“I was wondering about Authors' book titles. I see so many books from different Authors with the same titles. I was wondering if this is breaking a copyright law? Like with crochet patterns, knit patterns. they have so many copyright laws. So I was just wondering about the Authors’ books?”

The simple answer is that titles cannot be copyrighted or trademarked, so there is nothing illegal about having the same title.  (Though any current writer who entitled her book Gone With the Wind would need a sanity check since that title is so identified with Margaret Mitchell’s classic novel.)

But Penney’s question was a good trigger for all kinds of information about book titles from the Wenches, so read on! 

Forbidden--Jo BeverleyJo Beverley:

Titles are important. A great title can hook a reader's interest, but if it doesn't represent something about the book, the reader will feel cheated. Sometimes a title comes to me early, but often one doesn't, which is a shame because a good title can even shape the book a bit. A good title comes naturally out of the book, but then will feed back.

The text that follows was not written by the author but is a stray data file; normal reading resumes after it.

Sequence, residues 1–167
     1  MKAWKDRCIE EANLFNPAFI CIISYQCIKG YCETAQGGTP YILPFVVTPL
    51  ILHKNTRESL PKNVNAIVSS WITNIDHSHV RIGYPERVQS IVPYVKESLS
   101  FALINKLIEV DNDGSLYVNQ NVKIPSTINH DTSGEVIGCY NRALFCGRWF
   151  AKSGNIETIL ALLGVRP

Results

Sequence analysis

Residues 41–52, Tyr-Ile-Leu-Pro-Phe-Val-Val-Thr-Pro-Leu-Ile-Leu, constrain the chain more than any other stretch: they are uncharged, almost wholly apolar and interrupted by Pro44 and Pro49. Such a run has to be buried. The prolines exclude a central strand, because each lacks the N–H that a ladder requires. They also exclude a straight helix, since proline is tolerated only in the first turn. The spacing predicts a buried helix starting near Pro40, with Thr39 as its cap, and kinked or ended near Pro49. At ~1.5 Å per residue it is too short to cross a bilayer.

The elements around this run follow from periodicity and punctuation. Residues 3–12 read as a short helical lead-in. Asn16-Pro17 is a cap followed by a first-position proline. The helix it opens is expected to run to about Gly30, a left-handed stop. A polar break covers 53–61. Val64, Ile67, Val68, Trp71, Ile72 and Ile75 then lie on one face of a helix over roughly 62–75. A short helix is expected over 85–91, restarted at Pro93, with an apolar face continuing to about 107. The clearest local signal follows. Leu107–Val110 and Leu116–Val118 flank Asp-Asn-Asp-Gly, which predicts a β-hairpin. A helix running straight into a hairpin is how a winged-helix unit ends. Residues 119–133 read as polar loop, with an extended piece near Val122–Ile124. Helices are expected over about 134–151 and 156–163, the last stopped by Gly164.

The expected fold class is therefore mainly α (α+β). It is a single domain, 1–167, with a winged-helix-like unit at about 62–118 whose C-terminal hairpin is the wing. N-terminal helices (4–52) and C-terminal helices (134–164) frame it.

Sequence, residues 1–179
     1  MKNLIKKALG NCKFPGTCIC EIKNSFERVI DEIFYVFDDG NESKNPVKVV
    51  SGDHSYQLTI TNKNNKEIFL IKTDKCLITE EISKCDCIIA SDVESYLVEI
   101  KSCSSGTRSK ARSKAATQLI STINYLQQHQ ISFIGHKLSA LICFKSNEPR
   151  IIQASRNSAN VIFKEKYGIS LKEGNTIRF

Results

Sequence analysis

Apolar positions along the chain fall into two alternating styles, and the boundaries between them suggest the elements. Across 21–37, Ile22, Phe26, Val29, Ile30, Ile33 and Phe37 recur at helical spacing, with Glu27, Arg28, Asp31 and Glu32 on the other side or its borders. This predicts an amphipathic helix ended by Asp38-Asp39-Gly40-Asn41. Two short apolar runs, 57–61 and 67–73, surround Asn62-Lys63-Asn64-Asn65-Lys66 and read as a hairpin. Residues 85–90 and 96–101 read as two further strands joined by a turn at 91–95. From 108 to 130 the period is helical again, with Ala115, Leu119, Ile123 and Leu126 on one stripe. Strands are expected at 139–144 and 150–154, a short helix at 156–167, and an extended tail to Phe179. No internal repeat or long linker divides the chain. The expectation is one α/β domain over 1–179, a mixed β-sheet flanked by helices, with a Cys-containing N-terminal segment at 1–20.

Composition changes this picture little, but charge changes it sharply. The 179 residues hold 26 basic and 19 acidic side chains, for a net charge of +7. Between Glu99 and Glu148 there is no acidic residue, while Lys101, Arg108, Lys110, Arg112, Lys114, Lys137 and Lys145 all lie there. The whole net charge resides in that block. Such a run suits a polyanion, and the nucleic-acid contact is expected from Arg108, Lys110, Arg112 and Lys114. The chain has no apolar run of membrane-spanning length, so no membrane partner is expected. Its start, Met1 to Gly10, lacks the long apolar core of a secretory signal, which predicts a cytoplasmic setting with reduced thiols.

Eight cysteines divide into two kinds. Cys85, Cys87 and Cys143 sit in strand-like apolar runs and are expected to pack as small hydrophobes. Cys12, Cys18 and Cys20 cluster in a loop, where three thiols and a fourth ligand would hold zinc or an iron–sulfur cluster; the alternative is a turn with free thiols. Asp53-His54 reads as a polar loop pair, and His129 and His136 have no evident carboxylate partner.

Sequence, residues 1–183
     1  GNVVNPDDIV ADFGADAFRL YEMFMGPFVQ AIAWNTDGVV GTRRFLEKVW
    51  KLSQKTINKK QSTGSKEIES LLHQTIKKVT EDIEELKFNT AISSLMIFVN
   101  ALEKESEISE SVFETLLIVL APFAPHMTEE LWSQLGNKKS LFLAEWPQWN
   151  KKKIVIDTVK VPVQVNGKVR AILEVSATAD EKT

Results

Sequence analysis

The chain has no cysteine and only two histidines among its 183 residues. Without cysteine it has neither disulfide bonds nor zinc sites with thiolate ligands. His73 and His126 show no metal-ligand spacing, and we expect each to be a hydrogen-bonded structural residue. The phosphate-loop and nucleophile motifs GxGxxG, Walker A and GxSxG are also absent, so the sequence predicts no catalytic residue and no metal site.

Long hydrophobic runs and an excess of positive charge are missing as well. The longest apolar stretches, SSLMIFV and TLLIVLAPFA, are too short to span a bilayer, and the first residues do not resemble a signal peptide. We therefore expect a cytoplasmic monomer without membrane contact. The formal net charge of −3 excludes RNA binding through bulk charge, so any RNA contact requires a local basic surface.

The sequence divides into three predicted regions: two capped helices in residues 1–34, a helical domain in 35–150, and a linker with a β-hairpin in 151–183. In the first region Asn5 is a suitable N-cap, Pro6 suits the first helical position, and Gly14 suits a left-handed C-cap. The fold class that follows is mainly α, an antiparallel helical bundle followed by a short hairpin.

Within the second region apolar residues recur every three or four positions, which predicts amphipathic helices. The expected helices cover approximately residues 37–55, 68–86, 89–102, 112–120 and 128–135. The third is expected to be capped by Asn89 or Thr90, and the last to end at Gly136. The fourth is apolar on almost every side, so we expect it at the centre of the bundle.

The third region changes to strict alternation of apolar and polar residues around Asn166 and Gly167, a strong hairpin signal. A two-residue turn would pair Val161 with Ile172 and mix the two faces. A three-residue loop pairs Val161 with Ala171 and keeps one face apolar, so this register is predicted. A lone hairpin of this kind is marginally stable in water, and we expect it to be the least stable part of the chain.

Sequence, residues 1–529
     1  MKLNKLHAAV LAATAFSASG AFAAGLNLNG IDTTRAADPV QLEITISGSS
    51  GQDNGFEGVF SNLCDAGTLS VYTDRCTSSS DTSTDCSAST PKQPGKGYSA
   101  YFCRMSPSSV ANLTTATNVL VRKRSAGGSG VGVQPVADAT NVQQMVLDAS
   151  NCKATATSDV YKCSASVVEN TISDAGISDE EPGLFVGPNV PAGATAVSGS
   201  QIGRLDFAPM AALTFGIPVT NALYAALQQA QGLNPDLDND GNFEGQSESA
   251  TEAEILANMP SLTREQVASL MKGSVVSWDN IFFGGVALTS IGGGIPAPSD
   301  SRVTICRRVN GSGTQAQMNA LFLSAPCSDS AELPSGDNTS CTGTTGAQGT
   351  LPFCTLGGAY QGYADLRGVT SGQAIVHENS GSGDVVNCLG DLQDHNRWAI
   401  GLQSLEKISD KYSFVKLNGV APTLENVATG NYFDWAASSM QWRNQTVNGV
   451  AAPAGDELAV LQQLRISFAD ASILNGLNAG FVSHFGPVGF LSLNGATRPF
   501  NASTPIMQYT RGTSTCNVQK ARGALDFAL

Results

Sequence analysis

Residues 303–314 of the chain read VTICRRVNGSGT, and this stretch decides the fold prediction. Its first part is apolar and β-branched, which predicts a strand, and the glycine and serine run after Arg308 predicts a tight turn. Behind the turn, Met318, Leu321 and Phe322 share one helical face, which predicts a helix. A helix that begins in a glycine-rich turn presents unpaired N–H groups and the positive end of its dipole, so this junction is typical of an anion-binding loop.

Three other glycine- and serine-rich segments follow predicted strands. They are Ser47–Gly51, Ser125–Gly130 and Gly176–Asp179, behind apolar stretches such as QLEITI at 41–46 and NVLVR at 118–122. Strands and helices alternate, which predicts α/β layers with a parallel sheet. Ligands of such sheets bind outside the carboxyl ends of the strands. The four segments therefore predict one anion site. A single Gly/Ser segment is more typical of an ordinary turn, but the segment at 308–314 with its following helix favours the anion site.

One of my good ones is Something Wicked, which came to me early in the book when Lady Elfled is longing to do something wicked for once. One of the bad ones, in my opinion, is Forbidden. I know I had some ideas that were rejected, in part because one word titles were hot right then. Not only didn't Forbidden have much to do with the book, but there were three other books with that title that year!

The Perfect Rake--Anne GracieAnne Gracie